Donald Trump Has a Serious Saudi Arabian Conflict of Interest

“They buy apartments from me. They spend $40 million, $50 million. Am I supposed to dislike them?”

President Donald Trump meets with Saudi Crown Prince Mohammed bin Salman in the Oval Office in March.Evan Vucci/AP

The grisly details of an alleged Saudi government plot to murder dissident journalist Jamal Khashoggi are roiling diplomatic and national security circles, but the Trump White House’s reaction has been strangely muted. Asked about the matter on Wednesday afternoon, President Donald Trump vaguely condemned the “bad situation,” while also praising King Salman, the Saudi monarch, as a “fine man.” He stressed that Saudi officials say it’s unclear what became of Khashoggi, who disappeared after entering the Saudi consulate in Istanbul on October 2. Turkish officials say he was killed within hours of entering the consulate by a Saudi hit squad on the orders of senior Saudi royal family members.

Trump’s meek response to the diplomatic crisis highlights the ongoing conflicts of interest posed by his business empire. 

At a 2015 campaign stop, Trump bragged to the crowd about his business dealings with the Saudis. “Saudi Arabia, I get along with all of them,” Trump said. “They buy apartments from me. They spend $40 million, $50 million. Am I supposed to dislike them? I like them very much.”

In 2001, the Saudi government bought the 45th floor of the Trump World Plaza building in New York City as part of its mission to the United Nations. And shortly before entering the White House, Trump was aggressively pursuing deals with Saudi investors and attempting to build hotels in the Saudi Arabia. In August 2015, in the middle of his presidential run, Trump registered new corporations to manage a prospective hotel in Jeddah, the gateway city to the Muslim holy sites of Mecca and Medina. That project never came to fruition, but the Washington Post reported that at least two of Trump’s US hotel properties—both called the Trump International Hotel & Tower, in New York and Chicago—have benefited hugely from Saudi business.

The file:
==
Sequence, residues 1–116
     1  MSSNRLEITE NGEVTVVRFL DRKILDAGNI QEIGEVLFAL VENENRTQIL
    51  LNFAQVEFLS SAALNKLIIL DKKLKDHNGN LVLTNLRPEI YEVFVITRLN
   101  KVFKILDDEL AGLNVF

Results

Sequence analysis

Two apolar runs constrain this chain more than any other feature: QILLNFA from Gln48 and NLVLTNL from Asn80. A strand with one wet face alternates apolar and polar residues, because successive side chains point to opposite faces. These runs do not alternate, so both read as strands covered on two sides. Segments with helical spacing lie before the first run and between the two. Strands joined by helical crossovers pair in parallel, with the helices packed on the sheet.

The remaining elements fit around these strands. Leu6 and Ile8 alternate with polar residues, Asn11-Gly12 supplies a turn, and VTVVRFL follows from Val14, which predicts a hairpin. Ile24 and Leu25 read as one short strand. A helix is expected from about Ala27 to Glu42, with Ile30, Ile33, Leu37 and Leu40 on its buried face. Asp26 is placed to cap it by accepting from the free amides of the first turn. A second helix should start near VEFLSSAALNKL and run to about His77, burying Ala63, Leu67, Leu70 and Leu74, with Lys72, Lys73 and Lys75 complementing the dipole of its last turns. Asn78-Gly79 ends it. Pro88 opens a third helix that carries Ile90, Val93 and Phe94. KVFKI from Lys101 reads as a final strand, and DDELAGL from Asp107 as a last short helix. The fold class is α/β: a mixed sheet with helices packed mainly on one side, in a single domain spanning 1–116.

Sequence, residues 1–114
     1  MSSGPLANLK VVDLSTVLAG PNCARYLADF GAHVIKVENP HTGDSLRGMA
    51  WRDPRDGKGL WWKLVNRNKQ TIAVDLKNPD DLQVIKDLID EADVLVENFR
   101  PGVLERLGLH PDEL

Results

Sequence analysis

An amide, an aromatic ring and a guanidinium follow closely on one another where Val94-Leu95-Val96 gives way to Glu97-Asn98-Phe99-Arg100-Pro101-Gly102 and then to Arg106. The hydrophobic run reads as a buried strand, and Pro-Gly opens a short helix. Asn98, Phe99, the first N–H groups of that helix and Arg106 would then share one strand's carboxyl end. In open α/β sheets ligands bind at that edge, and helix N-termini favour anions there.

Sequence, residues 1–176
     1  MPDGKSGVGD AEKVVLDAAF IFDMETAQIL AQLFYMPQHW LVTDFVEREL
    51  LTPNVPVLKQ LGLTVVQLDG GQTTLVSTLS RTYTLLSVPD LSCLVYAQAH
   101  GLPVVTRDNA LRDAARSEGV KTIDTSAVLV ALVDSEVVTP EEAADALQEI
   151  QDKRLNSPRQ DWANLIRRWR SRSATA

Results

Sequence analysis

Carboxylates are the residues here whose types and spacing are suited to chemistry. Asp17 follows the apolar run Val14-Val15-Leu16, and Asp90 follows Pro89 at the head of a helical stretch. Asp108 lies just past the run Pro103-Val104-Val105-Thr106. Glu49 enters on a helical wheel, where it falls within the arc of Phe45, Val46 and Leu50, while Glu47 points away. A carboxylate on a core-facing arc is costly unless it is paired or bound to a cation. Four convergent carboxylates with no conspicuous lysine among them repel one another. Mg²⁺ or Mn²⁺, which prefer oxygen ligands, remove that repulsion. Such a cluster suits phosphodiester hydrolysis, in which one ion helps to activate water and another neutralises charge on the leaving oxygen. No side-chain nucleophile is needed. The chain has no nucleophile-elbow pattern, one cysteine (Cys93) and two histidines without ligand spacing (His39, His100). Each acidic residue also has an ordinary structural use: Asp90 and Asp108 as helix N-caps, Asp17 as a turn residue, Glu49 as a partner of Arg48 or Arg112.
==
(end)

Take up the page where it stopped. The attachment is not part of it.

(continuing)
At Trump’s New York hotel, room revenue declined for two straight years after Trump launched his presidential bid but saw a 13 percent boost during the first three months of 2018. The reason, according to hotel management, was SaudiPrince Mohammed bin Salman’s visit to New York City in March. The crown prince, who is known as M.B.S. and is said to wield most of the power in the Saudi government, didn’t stay at the Trump hotel (the rooms are apparently not big enough), but members of his entourage did, and that was enough to give a last-minute shine to the hotel’s quarterly finances. Trump’s Chicago hotel, meanwhile, has seen a 169 percent increase in visits from Saudis since 2016.

This all raises the question: Are Trump’s personal business interests influencing his handling of the unfolding diplomatic crisis?


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